Mary Peabody (1806-87) shared her sister Elizabeth Peabody's passion for education and writing. Like all of the Peabody children, Mary was well educated by her mother, "Eliza," who taught school from their home and wrote poems on women's rights for the Haverhill Federal Gazette. Among Mary's more interesting experiences as a teacher was her post as a governess to a family in Cuba during the 1830s. There, she lived on a slave plantation and experienced for the first time the full force and horror of slavery.
In 1843, Mary, a thirty-seven-year-old teacher, married the prominent educator Horace Mann who was responsible for establishing normal schools in Massachusetts to train teachers to teach — including one in Salem which is today Salem State College. Horace Mann is considered the "Father" of American public education.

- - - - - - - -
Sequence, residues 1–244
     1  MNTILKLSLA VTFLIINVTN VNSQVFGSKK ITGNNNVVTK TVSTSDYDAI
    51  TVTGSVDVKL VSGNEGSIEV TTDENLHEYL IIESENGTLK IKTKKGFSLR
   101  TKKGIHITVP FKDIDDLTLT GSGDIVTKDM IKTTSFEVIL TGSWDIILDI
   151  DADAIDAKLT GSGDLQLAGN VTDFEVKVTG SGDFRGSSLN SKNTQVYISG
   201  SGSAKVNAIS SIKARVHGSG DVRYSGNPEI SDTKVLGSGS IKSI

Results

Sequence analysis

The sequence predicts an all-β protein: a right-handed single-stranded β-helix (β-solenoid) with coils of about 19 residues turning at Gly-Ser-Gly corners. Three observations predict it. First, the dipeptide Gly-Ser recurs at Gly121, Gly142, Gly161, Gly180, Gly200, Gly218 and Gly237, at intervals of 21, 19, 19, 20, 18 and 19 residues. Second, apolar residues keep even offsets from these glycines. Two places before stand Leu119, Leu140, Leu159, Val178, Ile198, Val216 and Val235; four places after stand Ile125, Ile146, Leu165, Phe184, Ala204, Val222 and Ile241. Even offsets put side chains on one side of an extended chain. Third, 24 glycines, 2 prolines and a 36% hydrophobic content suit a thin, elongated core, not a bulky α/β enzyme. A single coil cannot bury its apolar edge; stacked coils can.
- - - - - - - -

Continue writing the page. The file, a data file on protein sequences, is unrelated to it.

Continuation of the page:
Mary raised their three sons while her husband served in the United States Congress and toured America lecturing on temperance, education, and abolition. Following Horace's sudden death in 1859, Mary briefly ran her own school in Concord, Massachusetts, before going to work for her sister Elizabeth at her new kindergarten in Boston — the first one in America.
Mary also helped her sister write the definitive Moral Culture of Infancy and Kindergarten Guide and was largely responsible for editing and publishing the newspaper The Kindergarten Messenger between 1873 and 1875. Mary Mann's literary output included a biography of her late husband, a Christian cookbook, and a romance set in Cuba and loosely based on her experience there. She also authored books on flowers and the plight of the American Piute Indian tribe.